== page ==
fusion_global=”1097″]span style=”font-weight: 400;”>Although several factors, such as the pandemic, labor shortages in trucking and other industries, and raw material availability, have contributed to supply chain disruptions, the little-known secret is that supply chain and logistics systems have simply not been up to the task of dealing with these anomalies.
Despite the fact that there are some variables over which you have no control as a corporation (labor shortages, worldwide pandemics, and raw material and part availability), you must develop products that people want to buy. More than fixing external situations that you can’t control, this is about knowledge and intelligence. If you look at the firms that will still be able to deliver on time in 2021 and today, you’ll find that they all use the same set of principles, such as the ability to work around obstacles with highly intelligent automation. They’re using actual intelligence, not just data, to solve problems in the supply chain. While they won’t be able to solve all of them, they’ll be able to remove many of the roadblocks we have today in transporting products.
In many cases, for example, some parts are not accessible to finish the manufacture of a product. However, there is enough past data to estimate where the part may be found by other vendors and the possibility of availability and on-time delivery in real time. Some businesses store components ahead of expected shortages predicted by AI systems before they are noticed by other businesses, or they can even automate reengineering portions of the completed product so that alternative parts may be swapped without causing a quality problem. In certain circumstances, these systems end up obtaining superior parts that may cost a little more but result in the availability of millions of dollars in products. What’s noteworthy about this technique is that it doesn’t require C-suite executives to do all-nighters in order to come up with these novel ideas. It’s completely automated, based on massive quantities of data and machine learning, and it’s embedded directly into business operations, so the correction happens seconds after the supply chain issue is discovered. These features of intelligent supply chain automation aren’t brand new. For years, there has been much discussion about how to more efficiently automate supply chains. Those of you who work in supply chains are all too aware of this.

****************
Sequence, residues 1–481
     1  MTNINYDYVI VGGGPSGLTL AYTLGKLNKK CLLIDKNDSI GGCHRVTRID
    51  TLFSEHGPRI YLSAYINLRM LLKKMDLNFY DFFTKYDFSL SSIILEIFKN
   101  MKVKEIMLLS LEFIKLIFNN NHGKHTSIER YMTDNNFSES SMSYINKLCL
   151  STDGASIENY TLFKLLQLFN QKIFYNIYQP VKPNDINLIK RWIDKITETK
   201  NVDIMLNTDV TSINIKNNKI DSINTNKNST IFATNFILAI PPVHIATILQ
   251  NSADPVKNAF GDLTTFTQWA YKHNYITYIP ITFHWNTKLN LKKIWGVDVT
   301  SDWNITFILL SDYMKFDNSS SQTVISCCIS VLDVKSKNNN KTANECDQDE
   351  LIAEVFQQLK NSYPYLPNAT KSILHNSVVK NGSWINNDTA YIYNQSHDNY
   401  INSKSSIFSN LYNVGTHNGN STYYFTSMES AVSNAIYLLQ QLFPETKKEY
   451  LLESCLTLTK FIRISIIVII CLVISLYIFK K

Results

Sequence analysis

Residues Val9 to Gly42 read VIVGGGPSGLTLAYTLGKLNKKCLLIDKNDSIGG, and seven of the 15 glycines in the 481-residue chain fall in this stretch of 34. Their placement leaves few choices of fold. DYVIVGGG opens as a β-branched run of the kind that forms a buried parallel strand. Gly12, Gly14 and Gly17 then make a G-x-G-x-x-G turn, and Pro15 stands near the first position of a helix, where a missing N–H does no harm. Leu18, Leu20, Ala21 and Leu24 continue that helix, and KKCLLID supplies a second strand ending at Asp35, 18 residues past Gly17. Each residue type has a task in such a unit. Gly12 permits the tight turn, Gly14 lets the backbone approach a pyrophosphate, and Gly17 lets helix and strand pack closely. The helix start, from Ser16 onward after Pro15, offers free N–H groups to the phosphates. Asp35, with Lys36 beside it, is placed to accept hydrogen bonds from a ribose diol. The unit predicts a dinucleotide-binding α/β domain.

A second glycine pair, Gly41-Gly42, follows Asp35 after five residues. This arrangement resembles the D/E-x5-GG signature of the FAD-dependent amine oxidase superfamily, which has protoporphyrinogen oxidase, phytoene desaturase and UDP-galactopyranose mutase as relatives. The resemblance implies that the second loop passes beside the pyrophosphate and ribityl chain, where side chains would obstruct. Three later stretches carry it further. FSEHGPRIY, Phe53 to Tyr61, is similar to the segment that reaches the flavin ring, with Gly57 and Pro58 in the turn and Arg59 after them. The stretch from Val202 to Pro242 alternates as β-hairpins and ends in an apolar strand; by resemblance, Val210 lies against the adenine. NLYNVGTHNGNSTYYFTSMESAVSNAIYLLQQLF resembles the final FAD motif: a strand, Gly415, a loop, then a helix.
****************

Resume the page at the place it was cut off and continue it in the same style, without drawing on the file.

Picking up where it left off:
How many businesses are ready to put their money into the creativity — and even the danger — of implementing these new systems? The majority aren’t, and they’re witnessing the drawbacks of the markets throwing curveballs at them, which they try to deal with using old methods. By distinguishing themselves with these sophisticated cloud-based tools, organizations who were before in 10th position in a market are now in second or third place. Some of this may be altered by the growth of industrial clouds. These sorts of services will be adopted and provided by public cloud providers in no time. Those who want to take advantage of this benefit will simply use the services provided by public cloud providers rather than building their own.